Education | Nov 09, 2021
Remaining Flexible for Worst-Case Scenarios of Build Back Better
Nancy I. Kunz
CFP®, CPFA®, ChFC®, CLU®
CFP®, CPFA®, ChFC®, CLU®
On September 15, the House Ways and Means Committee approved the tax provisions of the proposed Build Back Better (BBB) Act, which would fund President Biden’s social and education reforms. Eventually, an updated bill will head to the Senate where it will be further amended. It is unknown when the Bill will make it out of Congress and to the President’s desk, but we might see increased pressure as a new deadline to raise the debt limit approaches.
There are many components of the bill that we are watching. As a result, we are discussing with high-net-worth and high-income clients the need to maintain flexibility in the face of potential changes to income taxes, estate taxes, and grantor trusts among other issues.
That said, we must be careful not to overreact to proposals in Washington. By the time they become legislation, there could be significant changes made through compromises and negotiations. However, it would be foolish to do nothing to prepare for some of the worst-case scenarios being discussed.
Income taxes may be going up
Currently, individual filers who earn $523,601 or more and married couples filing jointly who earn $628,301 or more pay a 37% marginal federal tax rate. BBB proposes raising the rate to 39.6% while also lowering the highest earner threshold to $400,001 for single filers and $450,001 for married couples filing jointly
Additionally, long-term capital gains and qualified dividends will be subjected to ordinary income tax rates. The rate applicable to long-term capital gains and qualified dividends would be increased to 39.6 percent for households earning more than $1 million. BBB will also apply the 3.8 percent "Medicare" tax to taxpayers making more than $400,000. Under current law, the Medicare tax is a 3.8 percent tax imposed only on a portion of a taxpayer's income.
To prepare: It is wise to consider taking income sooner in this tax year at the lower rate and delaying expenses into next year if the higher tax rates are approved.
Transfer tax exemptions might be going down
The BBB Act reduces the federal estate, gift, and generation-skipping transfer tax exemption to $5 million, adjusted for inflation. It also increases the limitation on the estate tax valuation reduction for certain real property used in farming or other trades or businesses to $11.7 million. The Act would cause trusts to be included in the grantor's gross estate for federal estate tax purposes to the extent the grantor is treated as the deemed owner of the trust for income tax purposes at the time of their death.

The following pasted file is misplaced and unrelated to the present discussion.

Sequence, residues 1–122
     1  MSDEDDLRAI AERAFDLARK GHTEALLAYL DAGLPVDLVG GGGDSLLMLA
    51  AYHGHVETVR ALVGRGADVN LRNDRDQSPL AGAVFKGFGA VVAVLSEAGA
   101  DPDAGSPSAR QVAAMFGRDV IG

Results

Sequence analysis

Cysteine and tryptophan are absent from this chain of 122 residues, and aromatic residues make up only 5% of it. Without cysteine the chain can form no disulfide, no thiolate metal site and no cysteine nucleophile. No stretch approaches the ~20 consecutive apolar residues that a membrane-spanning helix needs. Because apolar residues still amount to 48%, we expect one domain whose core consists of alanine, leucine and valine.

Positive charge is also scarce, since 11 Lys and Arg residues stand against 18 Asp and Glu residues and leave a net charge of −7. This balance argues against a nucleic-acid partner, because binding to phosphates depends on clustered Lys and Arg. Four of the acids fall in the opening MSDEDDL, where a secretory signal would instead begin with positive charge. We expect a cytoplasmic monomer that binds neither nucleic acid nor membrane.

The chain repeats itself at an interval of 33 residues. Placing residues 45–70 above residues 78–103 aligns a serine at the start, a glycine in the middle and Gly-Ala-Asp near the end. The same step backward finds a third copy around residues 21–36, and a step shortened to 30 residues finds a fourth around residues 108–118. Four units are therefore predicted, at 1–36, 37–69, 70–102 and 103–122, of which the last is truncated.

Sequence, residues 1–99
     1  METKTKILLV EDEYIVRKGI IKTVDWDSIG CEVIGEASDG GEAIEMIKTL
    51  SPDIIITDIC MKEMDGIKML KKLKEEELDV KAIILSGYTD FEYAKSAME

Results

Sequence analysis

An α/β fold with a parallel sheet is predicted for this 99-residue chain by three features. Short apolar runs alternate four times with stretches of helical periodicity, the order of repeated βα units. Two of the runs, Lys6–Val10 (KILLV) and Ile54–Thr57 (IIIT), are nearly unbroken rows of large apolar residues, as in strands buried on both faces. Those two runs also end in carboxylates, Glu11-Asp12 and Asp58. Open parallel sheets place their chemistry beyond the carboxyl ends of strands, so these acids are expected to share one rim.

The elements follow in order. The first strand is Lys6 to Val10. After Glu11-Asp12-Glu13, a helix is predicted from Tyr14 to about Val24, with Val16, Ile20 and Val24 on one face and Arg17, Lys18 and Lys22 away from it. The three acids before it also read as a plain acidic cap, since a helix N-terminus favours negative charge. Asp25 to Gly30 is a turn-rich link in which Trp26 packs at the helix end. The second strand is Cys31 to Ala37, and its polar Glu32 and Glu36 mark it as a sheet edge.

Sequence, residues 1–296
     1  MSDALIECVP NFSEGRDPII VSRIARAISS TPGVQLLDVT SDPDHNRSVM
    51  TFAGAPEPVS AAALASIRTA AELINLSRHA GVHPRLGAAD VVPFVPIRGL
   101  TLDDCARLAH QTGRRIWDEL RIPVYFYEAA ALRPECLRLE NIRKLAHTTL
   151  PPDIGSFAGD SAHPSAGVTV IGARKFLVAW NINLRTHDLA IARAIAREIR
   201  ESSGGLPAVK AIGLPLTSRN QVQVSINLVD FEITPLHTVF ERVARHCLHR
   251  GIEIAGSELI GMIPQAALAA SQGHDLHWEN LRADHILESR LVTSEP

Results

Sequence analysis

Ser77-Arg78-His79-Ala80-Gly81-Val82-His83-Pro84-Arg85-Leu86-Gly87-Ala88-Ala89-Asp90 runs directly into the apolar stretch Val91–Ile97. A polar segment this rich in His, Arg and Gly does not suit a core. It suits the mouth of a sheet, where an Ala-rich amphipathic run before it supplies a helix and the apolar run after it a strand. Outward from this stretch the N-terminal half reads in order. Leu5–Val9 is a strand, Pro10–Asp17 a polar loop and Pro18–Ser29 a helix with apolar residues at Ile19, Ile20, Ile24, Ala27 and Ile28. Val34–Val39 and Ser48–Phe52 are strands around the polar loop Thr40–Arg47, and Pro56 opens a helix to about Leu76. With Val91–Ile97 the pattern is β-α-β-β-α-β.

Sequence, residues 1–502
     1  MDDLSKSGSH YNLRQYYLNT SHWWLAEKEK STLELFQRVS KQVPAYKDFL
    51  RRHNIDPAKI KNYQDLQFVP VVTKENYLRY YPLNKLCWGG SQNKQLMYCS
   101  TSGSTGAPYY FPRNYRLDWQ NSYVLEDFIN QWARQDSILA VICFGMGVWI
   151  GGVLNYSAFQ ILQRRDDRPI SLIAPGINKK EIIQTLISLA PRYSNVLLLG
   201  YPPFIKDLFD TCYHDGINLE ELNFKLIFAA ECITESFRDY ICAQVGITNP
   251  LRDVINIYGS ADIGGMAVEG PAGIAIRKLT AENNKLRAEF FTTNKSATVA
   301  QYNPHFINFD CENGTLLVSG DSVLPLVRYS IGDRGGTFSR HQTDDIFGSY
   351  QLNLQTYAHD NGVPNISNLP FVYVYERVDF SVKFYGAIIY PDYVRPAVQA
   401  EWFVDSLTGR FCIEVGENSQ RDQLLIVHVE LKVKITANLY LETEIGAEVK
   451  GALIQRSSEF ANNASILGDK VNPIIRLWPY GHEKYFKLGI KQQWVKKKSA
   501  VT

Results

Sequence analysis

We will also need to review how assets for gift and estate tax purposes are valued. For example, it is currently possible to take advantage of appropriate discounts when the transferred asset is not publicly traded or otherwise hard to value. The Act targets this valuation strategy by disallowing a valuation discount for the transfer of nonbusiness assets.
To prepare: Work closely with your financial professionals to see whether current trust documents meet your future goals given potential changes. You may want to consider and/or reevaluate your year-end gifting in light of future changes.
All Irrevocable Grantor Trusts could be treated as separate taxable entities
Traditionally, grantor trusts have provided an opportunity to tax efficiently transfer assets to the next generation. As a grantor trust, the income and the deductions of the trust flow through to the grantor and are reported on the grantor’s income tax return and the grantor is responsible for the trust’s income tax which is not considered a gift. The trust thus grows free of income tax.
BBB would eliminate most, if not all, of the gift planning currently done with irrevocable grantor trusts. Because of how grantor trusts are taxed, when a grantor sells appreciated assets to a grantor trust, no capital gain is triggered. Any interest payments on the associated promissory note are also income tax free. The proposed legislation would add a new section - Section 1062 - and require that a gain be recognized on such sales, but it would deny the recognition of a loss.
To prepare: Keep watching news out of Washington, DC and remain in touch with financial professionals to act according to your plan and personal situation.
In the face of potential sweeping changes, it will be critical to proactively plan for ways to protect your assets and your estate. We will continue to update you on Build Back Better legislation and follow up when (if) the bill reaches the President’s desk. But if you have any questions as to how these changes will impact your personal situation, your estate, or income tax situation, please feel free to contact us.
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Chief Planning Officer
Nancy I. Kunz
CFP®, CPFA®, ChFC®, CLU®